The Facebook Oculus Quest 2 Virtual Reality (VR) headset is one of the hottest gift items of Christmas Day 2020. Although the standalone headset is a huge leap in VR gaming, Facebook’s terms of usage could play spoilsport.
Christmas Day 2020 has come and gone, and multiple social media posts and virtual stores appear to have declared the Facebook Oculus Quest 2 VR standalone gaming headset a winner. Incidentally, the Nintendo Switch is still the hottest selling game console despite Sony PlayStation 5 and Microsoft Xbox Series X|S launch.
Despite the huge sales figures of the headset, the parent company’s usage policies, particularly about the age of users, will inevitably cause heartache for many families. This is because Facebook recently made it mandatory for Quest 2 VR headset users to have a Facebook account.
Facebook Oculus Quest 2 headset is a huge leap in VR gaming:
Facebook owns Oculus, the company that makes these Virtual Reality headsets. The first iteration of the Oculus was surely a hit. However, the hardware was quite limited. Gamers who acquired the first iteration indicated the limitations hindered smooth and immersive VR gameplay.
The Facebook Oculus Quest 2 VR standalone gaming headset, on the other hand, is a different story altogether, and a successful one at that. The headset started shipping in October, this year. Although the headset has the same untethered standalone design, the internals are entirely new.
The Oculus Quest 2 VR headset received a huge bump in screen resolution and controller battery life. It also has a powerful new chipset. The headset starts at $299 for the base 6GB/64GB model and $399 for a 6GB/256GB version. This is a good $100 lower from the original Quest.
Play your old favorites in a new way with the fully immersive Oculus Quest 2. #PlayForReal
— Oculus (@oculus) October 13, 2020
The Quest 2 VR standalone gaming headset packs a Qualcomm Snapdragon XR2 chipset, which promises higher AI capability. The optics claim to offer 2K resolution per eye or about 50 percent more pixels than before. With Quest 2’s increased graphics processing power, the headset is capable of a 90 Hz refresh rate.
Apart from the optics on the Facebook Oculus Quest 2, even the controllers have been updated for better ergonomics and lesser fatigue. Additionally, the new version also supports Oculus Rift PC content via the Oculus Link cable that allows gamers to play PC games.
Facebook’s insistence on an account with the company to keep many end-users dismayed?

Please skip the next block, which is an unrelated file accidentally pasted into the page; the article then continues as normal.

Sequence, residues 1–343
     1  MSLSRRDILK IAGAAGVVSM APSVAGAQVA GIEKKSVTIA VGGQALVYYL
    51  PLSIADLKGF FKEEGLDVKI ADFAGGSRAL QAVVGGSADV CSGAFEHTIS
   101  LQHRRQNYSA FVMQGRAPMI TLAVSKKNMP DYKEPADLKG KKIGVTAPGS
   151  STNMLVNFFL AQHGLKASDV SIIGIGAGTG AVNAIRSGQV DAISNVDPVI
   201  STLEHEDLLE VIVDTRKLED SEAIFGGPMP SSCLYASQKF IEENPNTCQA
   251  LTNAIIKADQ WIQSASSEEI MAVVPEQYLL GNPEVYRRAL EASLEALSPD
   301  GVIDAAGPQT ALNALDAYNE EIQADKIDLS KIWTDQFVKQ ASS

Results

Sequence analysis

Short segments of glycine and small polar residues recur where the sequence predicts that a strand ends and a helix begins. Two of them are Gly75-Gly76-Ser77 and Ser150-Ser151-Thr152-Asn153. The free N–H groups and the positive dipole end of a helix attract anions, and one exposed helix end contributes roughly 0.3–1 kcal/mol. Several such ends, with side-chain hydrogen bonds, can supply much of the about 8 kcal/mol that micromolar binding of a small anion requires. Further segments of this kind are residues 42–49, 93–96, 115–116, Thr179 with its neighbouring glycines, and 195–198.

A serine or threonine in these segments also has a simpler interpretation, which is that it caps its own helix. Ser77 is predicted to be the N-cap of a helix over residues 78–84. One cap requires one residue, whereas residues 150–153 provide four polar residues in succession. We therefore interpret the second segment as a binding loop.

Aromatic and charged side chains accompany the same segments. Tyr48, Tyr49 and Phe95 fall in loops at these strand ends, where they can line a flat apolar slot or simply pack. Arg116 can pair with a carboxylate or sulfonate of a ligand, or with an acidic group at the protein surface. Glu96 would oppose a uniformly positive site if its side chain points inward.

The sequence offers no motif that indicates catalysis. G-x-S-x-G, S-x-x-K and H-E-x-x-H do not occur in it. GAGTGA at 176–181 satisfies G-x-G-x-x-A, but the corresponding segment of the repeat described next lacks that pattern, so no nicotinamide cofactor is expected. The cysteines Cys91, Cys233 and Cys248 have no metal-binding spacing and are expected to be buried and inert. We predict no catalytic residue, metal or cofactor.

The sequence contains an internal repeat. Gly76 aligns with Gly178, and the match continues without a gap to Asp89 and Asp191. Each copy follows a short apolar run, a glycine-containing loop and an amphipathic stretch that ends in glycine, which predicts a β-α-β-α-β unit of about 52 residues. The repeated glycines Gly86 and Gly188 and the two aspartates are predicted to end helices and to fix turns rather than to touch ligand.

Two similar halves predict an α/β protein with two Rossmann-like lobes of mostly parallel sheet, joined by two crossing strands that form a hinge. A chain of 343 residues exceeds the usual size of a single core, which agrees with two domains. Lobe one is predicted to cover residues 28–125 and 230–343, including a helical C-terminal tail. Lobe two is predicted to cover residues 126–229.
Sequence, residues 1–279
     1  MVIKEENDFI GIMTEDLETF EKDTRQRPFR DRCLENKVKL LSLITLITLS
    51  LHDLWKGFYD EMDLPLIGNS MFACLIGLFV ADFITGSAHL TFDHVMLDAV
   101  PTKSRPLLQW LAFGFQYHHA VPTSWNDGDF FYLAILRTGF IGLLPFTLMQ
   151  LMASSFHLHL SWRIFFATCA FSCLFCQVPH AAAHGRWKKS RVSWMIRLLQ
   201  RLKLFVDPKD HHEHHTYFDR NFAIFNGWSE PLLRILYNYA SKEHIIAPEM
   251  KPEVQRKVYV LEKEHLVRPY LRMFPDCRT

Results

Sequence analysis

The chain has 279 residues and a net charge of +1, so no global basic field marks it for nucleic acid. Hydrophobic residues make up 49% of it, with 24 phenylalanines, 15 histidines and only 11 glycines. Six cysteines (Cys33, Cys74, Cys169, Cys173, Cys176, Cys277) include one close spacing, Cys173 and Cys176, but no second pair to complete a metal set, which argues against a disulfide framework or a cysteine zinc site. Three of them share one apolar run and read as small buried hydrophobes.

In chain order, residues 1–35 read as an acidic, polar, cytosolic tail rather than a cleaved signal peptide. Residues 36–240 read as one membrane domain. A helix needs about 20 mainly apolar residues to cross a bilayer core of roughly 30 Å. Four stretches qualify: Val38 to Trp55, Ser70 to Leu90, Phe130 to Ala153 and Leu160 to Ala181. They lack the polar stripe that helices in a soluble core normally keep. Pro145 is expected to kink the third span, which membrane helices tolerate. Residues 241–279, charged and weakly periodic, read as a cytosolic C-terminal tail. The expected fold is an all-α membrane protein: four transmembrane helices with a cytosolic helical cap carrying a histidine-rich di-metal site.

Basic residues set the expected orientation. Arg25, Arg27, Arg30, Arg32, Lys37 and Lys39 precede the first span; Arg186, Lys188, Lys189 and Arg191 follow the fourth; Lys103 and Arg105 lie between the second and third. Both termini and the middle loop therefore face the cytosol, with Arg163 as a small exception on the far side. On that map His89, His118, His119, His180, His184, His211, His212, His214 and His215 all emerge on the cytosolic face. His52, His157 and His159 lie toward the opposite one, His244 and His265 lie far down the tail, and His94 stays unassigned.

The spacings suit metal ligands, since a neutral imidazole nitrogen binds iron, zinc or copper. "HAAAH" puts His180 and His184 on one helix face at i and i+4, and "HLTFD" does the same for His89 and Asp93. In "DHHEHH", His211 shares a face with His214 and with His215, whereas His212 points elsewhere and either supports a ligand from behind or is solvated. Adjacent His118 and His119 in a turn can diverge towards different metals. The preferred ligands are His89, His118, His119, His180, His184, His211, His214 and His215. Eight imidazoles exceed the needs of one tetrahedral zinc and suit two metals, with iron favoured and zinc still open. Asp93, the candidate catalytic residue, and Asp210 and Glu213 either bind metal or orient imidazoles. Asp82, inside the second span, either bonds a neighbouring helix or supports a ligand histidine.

There’s no doubt the Facebook Oculus Quest 2 is one of the best VR headsets available today. Moreover, Facebook has priced these headsets very aggressively.
The lowered price, coupled with powerful hardware, ensured the Facebook Oculus Quest 2 was a hit. Several stores have already declared the headset as one of the hottest selling gift items for Christmas 2020.
But, quite recently, Facebook insisted that Oculus VR gaming subscribers will need to have a Facebook account to benefit from the new headsets and any new features. Simply put, Oculus Quest 2 users must sign-up on Facebook to enter the world of VR on the headset.
I’m considering getting the Oculus quest 2 but i’m too young for a Facebook account, is there any way you could make a method of login possible for children? But if not, I have a different question, If I bought the Oculus Quest 1, would It require a facebook account too?
— enemyfriend (@enemyfriend3) October 21, 2020
Now Facebook usage policies clearly mention the minimum age of users, which is 13. Since Facebook owns Oculus and insists on a Facebook account, kids under 13 years of age aren’t actually allowed to use the headset according to Facebook.
Parents can, of course, allow children to use their accounts. And children have often fudged their age to get on Facebook. However, Facebook insists that the age on the account matches that of the user.
Moreover, the company warns that it will proactively shut down accounts if it finds out otherwise. In rare cases, Facebook has locked out users and asked them to provide a photo of government-issued identification to verify their name and age.
Incidentally, Facebook also prohibits account sharing. This means parents cannot legally grant shared access to their children.
It is not immediately clear how parents, and more importantly, children below the age of 13, will be able to enjoy the Facebook Oculus Quest 2 VR standalone gaming headset. It is quite likely that Facebook could offer some special, restricted accounts for children in the near future. But until then, parents should exercise caution.